decisive factor in reducing the extent and severity of work-related
injuries and illnesses and their related costs. In fact, an effective

safety and health program forms the basis of good employee
protection, can save time and money, increase productivity and
reduce employee injuries, illnesses, and related workers’ compen-
sation costs.
   To assist employers and employees in developing effective
safety and health programs, OSHA published recommended Safety
and Health Program Management Guidelines (54 Federal Register
(16): 3904-3916, January 26, 1989). These voluntary guidelines can
be applied to all places of employment covered by OSHA.
   The guidelines identify four general elements critical to the
development of a successful safety and health management
I   Management leadership and employee involvement,
I   Worksite analysis,
I   Hazard prevention and control, and
I  Safety and health training.
   The guidelines recommend specific actions, under each of
these general elements, to achieve an effective safety and health
program. The Federal Register notice is available online at

State Programs
The Occupational Safety and Health Act of 1970 (OSH Act)
encourages states to develop and operate their own job safety and
health plans. OSHA approves and monitors these plans. Twenty-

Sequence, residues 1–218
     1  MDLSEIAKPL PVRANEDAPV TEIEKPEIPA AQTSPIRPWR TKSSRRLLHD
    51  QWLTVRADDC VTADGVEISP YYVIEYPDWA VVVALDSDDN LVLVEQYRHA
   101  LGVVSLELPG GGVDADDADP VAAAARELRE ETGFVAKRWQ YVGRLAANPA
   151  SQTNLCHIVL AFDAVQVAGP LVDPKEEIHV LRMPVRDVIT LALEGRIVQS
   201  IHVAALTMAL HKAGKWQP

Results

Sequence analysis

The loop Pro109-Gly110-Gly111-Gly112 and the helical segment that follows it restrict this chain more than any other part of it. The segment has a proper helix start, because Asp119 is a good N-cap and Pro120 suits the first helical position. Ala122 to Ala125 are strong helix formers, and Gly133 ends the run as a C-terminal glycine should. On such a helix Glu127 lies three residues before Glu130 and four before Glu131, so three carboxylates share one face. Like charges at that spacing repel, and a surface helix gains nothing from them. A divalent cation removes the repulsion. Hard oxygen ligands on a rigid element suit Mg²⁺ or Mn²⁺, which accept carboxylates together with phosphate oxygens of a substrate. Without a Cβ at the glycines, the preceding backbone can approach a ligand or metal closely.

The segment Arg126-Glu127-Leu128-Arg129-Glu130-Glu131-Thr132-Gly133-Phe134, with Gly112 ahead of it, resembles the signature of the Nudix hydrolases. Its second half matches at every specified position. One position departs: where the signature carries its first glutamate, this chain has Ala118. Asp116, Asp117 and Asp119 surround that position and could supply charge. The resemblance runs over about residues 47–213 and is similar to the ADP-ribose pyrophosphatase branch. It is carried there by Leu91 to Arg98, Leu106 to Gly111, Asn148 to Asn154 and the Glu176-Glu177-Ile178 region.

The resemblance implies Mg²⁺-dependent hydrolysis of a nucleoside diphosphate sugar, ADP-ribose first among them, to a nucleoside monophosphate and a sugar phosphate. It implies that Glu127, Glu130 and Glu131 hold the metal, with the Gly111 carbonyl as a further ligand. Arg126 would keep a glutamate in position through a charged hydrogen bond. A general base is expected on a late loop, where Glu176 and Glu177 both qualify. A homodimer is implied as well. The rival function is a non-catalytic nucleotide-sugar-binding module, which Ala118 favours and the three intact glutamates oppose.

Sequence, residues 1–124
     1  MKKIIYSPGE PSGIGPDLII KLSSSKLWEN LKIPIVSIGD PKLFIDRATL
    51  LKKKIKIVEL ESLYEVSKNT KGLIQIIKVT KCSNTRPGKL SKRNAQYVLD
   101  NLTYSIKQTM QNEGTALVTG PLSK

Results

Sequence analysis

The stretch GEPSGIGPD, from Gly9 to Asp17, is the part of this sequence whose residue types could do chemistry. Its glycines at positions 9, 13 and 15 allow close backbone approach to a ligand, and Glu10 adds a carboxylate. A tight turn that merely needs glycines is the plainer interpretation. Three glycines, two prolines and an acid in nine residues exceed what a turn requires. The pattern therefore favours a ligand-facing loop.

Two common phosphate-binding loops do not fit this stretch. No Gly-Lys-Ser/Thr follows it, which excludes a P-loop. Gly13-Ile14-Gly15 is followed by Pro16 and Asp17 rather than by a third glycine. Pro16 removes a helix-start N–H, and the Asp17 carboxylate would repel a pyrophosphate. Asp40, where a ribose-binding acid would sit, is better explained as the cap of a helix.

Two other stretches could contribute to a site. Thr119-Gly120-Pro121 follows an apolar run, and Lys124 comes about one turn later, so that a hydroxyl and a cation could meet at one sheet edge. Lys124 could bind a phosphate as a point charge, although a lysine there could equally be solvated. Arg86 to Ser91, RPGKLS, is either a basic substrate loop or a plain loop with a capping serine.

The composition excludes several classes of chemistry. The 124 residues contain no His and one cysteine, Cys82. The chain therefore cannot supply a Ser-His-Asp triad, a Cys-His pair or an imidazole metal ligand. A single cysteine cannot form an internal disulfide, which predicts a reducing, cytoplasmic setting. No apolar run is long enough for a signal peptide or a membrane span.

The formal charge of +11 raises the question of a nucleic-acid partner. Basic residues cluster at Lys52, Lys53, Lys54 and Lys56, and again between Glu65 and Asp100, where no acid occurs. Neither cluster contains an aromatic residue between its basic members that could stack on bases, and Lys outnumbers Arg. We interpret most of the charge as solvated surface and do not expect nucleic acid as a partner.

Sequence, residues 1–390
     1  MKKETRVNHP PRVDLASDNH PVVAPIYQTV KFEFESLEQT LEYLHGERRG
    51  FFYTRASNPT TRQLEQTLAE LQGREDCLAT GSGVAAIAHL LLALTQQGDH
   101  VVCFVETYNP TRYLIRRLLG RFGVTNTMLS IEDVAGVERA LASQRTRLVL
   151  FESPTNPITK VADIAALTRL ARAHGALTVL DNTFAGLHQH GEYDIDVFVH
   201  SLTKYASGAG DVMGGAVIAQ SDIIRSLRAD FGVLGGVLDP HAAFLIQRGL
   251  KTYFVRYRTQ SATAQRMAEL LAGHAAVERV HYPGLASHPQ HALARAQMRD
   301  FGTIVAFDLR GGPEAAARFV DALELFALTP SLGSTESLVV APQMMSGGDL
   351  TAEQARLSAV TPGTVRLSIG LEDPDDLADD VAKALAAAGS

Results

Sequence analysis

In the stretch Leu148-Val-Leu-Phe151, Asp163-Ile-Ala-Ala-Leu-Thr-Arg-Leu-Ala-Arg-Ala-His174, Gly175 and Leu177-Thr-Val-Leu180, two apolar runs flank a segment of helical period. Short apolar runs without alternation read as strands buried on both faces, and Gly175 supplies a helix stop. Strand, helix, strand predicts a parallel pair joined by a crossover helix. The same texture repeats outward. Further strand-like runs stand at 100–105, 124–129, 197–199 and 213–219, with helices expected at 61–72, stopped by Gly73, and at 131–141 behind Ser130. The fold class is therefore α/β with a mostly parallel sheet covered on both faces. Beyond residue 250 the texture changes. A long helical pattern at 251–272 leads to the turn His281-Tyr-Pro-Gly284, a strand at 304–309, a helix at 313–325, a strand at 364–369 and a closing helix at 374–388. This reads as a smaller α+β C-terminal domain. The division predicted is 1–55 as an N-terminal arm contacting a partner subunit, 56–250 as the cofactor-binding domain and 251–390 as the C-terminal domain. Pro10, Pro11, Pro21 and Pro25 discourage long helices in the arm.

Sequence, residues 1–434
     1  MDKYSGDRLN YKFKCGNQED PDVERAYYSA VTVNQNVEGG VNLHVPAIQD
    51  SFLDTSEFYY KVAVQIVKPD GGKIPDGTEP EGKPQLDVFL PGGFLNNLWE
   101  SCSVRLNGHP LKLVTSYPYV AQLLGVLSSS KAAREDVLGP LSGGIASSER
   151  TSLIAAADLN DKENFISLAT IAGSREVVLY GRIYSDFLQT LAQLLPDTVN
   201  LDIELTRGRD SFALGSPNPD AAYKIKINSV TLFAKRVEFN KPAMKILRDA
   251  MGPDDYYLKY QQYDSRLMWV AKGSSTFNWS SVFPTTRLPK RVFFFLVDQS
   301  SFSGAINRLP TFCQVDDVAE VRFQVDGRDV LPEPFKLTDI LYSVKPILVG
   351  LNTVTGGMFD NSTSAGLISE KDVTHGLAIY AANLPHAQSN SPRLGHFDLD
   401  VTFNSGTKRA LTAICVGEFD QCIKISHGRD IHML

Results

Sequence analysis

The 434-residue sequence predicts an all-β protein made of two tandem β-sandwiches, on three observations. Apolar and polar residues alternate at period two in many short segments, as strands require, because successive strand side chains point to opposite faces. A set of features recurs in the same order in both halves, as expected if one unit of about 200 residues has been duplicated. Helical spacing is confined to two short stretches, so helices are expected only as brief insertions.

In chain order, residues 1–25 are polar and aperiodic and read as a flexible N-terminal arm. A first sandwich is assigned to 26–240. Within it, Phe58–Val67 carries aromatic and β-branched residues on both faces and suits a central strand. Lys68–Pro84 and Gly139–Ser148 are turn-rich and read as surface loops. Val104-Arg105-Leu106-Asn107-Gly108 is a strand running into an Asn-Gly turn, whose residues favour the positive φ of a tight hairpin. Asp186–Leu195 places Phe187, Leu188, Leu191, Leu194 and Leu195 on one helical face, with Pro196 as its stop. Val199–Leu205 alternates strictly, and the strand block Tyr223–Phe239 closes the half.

four states, Puerto Rico, and the Virgin Islands currently operate
approved state plans: 22 cover both private and public (state and
local government) employment; Connecticut, New Jersey, New
York, and the Virgin Islands cover the public sector only. States and
territories with their own OSHA-approved occupational safety and
health plans must adopt standards identical to, or at least as
effective as, the Federal OSHA standards.

Consultation Services
Consultation assistance is available on request to employers who
want help in establishing and maintaining a safe and healthful
workplace. Largely funded by OSHA, the service is provided at
no cost to the employer. Primarily developed for smaller

employers with more hazardous operations, the consultation
service is delivered by state governments employing professional
safety and health consultants. Comprehensive assistance
includes an appraisal of all mechanical systems, work practices,
and occupational safety and health hazards of the workplace and
all aspects of the employer’s present job safety and health